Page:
NDP labels Prentice’s flagship bill to clean up government ‘all hat, no cattle’

Alberta NDP Leader Rachel Notley says proposed legislation to clean up government is hollow because it's written in a way to allow for quick changes in secret.

EDMONTON — Alberta NDP Leader Rachel Notley says proposed legislation to clean up government is hollow because it’s written in a way to allow for quick changes in secret.

“Jim Prentice’s accountability legislation is the classic example of something which is all hat, no cattle. He promised big and delivered very little,” Notley said at a legislature news conference Tuesday.

“If this is the pattern that we’re going to see from this premier, then we actually have some current trust issues that need to be dealt with.”

The Alberta Accountability Act was introduced in the legislature Monday.

Its goal is to fulfil a leadership campaign promise by Prentice to eliminate government greed, cronyism and entitlement, so that Albertans can move on from the spending scandals under former premier Alison Redford.

Among the changes, there are to be new rules to ensure a level playing field for companies bidding for government work. There are also to be limits on how much severance can be paid to political staff.

However, both of those changes are not part of the legislation, but instead are to be Treasury Board directives.

Notley said that means Prentice and his fellow Progressive Conservatives who run the Treasury Board could amend those directives behind closed doors and whenever they wished.

It also means Prentice has failed to come through on his promise to put the changes in legislation, she said.

The question of fairness in contracts made headlines earlier this fall when auditor general Merwan Saher reported that under Redford, the province broke sole-source contracting rules to deliver almost $540,000 in contracts to the communications firm Navigator Ltd.

Saher said the Health Department and Redford’s office didn’t justify reasons why the Navigator contracts couldn’t be put up for competitive bids and, in some cases, didn’t check back to see if a contract was value for money.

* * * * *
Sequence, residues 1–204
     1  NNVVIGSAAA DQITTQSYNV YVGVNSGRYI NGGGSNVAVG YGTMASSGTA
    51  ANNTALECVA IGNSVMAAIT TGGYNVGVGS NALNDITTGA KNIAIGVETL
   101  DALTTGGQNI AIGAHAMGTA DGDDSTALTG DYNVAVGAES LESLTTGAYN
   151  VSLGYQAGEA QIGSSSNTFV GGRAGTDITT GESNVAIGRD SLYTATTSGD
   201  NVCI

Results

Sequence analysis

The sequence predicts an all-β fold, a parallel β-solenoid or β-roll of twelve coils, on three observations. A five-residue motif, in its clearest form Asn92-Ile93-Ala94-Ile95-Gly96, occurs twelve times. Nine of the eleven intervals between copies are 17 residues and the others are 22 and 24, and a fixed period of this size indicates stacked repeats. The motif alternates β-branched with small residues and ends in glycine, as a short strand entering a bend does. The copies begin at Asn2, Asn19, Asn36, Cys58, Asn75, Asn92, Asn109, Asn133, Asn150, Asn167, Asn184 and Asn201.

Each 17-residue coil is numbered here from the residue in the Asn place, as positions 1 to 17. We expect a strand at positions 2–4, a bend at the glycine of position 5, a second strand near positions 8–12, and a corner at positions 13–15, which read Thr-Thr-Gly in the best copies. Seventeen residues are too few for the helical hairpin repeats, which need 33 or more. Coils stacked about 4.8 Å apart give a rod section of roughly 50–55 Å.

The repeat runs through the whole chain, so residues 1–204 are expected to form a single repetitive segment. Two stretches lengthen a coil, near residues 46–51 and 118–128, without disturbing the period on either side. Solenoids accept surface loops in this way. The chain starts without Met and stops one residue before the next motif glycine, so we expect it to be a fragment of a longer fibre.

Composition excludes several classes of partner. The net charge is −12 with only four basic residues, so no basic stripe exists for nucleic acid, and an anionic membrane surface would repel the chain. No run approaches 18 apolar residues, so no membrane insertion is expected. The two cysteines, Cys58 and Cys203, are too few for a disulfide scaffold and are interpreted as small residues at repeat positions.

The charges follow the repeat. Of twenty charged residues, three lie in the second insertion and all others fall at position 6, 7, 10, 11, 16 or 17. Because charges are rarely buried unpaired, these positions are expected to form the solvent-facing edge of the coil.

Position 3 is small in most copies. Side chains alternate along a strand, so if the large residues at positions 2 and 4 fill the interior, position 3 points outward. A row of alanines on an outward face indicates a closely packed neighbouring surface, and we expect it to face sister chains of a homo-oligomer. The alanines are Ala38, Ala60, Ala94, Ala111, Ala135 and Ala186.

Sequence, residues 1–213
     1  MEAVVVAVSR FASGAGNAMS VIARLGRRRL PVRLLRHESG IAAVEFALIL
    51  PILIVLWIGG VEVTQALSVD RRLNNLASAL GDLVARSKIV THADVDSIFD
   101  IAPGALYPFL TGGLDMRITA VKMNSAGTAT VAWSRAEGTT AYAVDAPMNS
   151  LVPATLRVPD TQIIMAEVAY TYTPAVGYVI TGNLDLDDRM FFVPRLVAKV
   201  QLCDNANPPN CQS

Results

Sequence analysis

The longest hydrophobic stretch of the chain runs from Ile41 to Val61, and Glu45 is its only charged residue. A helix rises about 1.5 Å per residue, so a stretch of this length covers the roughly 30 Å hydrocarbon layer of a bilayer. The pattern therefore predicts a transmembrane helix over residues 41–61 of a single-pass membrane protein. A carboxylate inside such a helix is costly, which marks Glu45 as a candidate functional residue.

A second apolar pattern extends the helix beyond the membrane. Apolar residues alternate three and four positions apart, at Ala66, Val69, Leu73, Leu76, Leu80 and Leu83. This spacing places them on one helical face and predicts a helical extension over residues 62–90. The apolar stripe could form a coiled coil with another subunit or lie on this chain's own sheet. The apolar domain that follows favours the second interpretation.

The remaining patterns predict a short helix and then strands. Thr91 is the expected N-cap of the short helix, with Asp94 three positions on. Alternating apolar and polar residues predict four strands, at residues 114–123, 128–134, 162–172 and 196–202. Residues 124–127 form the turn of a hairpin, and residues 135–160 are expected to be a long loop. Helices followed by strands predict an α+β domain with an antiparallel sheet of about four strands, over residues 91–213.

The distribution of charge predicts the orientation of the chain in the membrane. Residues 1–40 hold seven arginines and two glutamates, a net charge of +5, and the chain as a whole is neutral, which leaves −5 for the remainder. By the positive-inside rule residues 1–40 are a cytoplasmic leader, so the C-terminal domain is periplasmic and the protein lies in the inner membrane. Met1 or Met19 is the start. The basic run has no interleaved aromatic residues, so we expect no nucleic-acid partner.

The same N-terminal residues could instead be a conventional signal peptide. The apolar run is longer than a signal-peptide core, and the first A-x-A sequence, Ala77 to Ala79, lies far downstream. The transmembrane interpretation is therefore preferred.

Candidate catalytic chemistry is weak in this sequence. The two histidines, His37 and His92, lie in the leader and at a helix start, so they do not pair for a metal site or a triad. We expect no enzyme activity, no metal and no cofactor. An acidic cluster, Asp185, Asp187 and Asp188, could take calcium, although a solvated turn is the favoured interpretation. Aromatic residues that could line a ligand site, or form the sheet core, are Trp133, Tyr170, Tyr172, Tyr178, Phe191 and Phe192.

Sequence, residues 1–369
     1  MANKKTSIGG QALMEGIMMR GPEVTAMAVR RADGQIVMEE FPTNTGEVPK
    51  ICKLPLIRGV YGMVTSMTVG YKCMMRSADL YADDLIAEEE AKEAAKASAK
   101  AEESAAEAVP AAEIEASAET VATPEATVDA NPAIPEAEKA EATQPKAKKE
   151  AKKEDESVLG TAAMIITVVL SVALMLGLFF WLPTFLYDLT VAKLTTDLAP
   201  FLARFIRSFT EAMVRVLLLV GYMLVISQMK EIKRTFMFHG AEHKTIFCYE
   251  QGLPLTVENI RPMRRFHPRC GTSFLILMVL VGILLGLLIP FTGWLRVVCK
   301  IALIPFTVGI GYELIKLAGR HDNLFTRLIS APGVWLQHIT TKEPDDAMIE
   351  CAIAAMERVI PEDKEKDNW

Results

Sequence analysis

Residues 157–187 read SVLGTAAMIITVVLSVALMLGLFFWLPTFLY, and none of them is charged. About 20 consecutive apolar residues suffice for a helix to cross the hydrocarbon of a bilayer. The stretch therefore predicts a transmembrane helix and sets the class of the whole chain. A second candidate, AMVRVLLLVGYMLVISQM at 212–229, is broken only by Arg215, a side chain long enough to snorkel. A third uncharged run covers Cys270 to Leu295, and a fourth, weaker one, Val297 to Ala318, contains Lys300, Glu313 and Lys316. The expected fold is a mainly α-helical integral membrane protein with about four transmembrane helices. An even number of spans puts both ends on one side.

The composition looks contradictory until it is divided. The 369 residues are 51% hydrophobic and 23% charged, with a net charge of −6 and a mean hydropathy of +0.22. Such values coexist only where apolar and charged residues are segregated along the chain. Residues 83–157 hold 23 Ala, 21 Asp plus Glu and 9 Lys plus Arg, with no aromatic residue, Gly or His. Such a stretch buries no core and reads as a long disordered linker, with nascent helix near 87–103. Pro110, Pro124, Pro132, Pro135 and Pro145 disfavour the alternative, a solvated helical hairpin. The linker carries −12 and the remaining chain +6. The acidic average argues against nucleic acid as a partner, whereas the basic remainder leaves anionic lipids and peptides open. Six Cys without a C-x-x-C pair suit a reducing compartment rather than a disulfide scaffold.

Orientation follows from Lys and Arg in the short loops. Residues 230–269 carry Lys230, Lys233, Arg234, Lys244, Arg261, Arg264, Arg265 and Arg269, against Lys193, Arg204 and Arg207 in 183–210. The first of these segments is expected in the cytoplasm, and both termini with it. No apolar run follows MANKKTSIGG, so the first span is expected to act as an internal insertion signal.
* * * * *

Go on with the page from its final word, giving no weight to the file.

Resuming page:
Saher did not cite any irregularities by Navigator.

Under the old rules, the government had to solicit bids for any services contract over $75,000. The new law would lower that figure to $10,000.

For construction work, the threshold for competitive bids would drop to $50,000 from $100,000.

The deputy minister, who is the top civil servant in a department, would have to sign off on any decision to break the contracting rules, such as in an emergency situation or if there were only one provider.

The reasons for such a decision would also have to be made available to the public.

Navigator is a national firm whose leaders have close ties with the provincial Conservatives and who have assisted with campaign strategy in the past.

Prentice is friends with key Navigator executives but has said in the past that the company won’t be bidding on government contracts while he is premier.

Redford was also criticized for generous salaries and severance packages for members of her inner circle.

Her chief of staff, Farouk Adatia, received a base annual salary of $316,000, and nine staff members pocketed $1.2 million in severance when they left the premier’s office with Redford in March.

Redford quit as premier in the face of an escalating revolt from her party and caucus over exorbitant travel spending that included $45,000 to fly her and an aide to Nelson Mandela’s funeral in South Africa.

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